Iwas appalled to see Sally S.'s lack of compassion and understanding regarding Logan's "rages".It was so obvious the removal from her mother was the cause.Also apalling were the disapprovig nods and looks the supervisor gave Christy (during the supervised visits) regarding Christy talking to her child about the statements Logan made about Sally S. hurting her.Where was the follow-up about the allegations Logan made about Sally? Logan and Bailey should have NEVER been removed from their mother. Sally S. should have NEVER worked for DHS! Sally S. was more concerned about her baby being away from her than the fact that she killed Logan.

There needs to be a system that is nonthreatening to help mothers such as Christy.The only thing "wrong" with Christy is that she did not have the positive support system that she needed to raise her child. This is a sad testament to our society that we give a govt agency the right to remove a child from her mother rather than give the mother the tools and support she needs to do her best to raise her child. Raising a child is not always easy even under the best of circumstances.

Jackie Conner
snellville, ga


Everyone who was presumably in charge of Logan?s welfare was at fault here. All it would have taken was one competent adult and Logan would be alive. But she had no one competent to look out for her.

Birth mother, Christy, was obviously far too immature and had too many problems to be having a family when she did. Worse, there was no extended family of any substance to help Christy or Logan. It was selfish of Christy to have children under such circumstances and this is where she fell down in her responsibility to her children. Logan might be alive today if Christy had faced the truth about her inability to adequately care for her children and put them up for adoption in the first place.

The foster mother, Sally, was terribly wrong, too. Logan was clearly a difficult child and Sally just did not know what to do to help her. Sally tried to get help through counseling and through the case worker, but she didn?t get the help both she and Logan so desperately needed. Still, no effort on Sally's part can excuse her responsibility in Logan?s death. We may never know exactly what happened to Logan that day, but the evidence seems to show that Sally was at least extremely careless with regard to Logan?s welfare.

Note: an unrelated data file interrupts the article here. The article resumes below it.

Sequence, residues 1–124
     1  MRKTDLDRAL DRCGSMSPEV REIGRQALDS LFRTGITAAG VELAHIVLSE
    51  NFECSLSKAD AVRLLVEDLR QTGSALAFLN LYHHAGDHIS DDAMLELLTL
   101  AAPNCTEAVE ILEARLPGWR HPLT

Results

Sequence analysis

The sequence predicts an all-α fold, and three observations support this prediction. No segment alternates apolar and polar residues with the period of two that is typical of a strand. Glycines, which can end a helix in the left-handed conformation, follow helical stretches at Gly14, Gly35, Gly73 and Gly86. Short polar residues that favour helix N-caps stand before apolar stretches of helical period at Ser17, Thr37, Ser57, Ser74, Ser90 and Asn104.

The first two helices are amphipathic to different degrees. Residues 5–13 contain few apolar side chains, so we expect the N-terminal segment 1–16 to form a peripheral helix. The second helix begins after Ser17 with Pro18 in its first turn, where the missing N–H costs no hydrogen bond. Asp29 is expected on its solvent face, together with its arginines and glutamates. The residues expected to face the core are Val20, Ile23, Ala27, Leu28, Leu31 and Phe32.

And the DHS, the multi-million dollar system that is designed to take care of children like Logan, was horribly wrong, too. A huge government bureaucracy cannot possibly attend to the needs of individuals, as we have seen again and again with government bureaucracies. Their policies are meant for large, general masses of people, not for troubled individuals like Logan who need special care. It is no surprise that the needs of an individual child were so hideously ignored that that child ended up dead. The surprise is that it doesn?t happen more often.

Government has no business nosing around in people?s personal lives. The DHS should be disbanded and American people should be allowed to work out, or suffer from, their own individual problems in their own individual ways. We don't need an incompetent "big brother" like the DHS looking over our shoulders, meddling in our lives and making our problems worse than they need to be.

Hillary Wilkes
los angeles, ca


It hurts to hear about stories such as Logan. It hurts so much that crying is the only thing that helps console me. My siblings and I were once victimized by an abusive mother and over-protective father. I can remember acts of violence in the home when we were as young as 8 years old. The beatings, slaps in the face, pulling hair, punching, kicking and scratching my mother did to us was unbelievable. We went to school counselors who contacted CPS workers and we would ALWAYS end up back in the hands of an angrier parent. I have asked my self over the years, "Why does it HURT so bad?" Seeing Logan's story tonight only helped me to relive the pain I know she felt as she tried to speak out and was shunned. The State of Michigan has over 300 children missing from its foster care system. I have written letters to Michigan's state representative and leaders within the FIA & CPS services.

The response I got back totally avoided the situation and never once addressed the concerns in the letter. That is the PROBLEM, its easier to avoid the problem than to use your education,experience, and acquired professional knowledge to come to a resolution. The State of Michigan, like most other states has a serious problem of hiring state workers in CPS & Foster care services who are not qualified individuals.

A BSW, MSW, or degree in any field does not make a state worker. A state worker should possess the ability to demonstrate that he/she is equip to perform at a high level of achievement in doing social work at some point in their career. However, this is too often NOT the case. It is due to the lack of skilled, professional, and academically trained state workers that children and youth are slowly dying at the hand of angry parents & parental figures. How many more "Logan's" will have to become martyr's before something is done.

detroit, mi


As a child who grew up in an abousive home, I wonder where these people were when my Mother was beating me? Where were they when she threw me down two flights of stairs? where were they when she chocked me, and a neighbor had to make her stop? Where were they when she tried to drown me? I am sorry that a child died in the care of a foster parent, but I grew up with a sick set of parents to say the least, I could tell you stories that would make your hair go grey, and it was things done to me and brothers and sisters by our parents!! The system fails, and so do parents. One child was lost and thats one too many, but how many were saved from their parents? I wish that my parents had been caught in their crimes against their children, the abuse was so bad I called CPS myself at the age of 12. Nothing was ever done, my parents got out of it, but its sad that a child could or would call for help and not get any.

lewisville, texas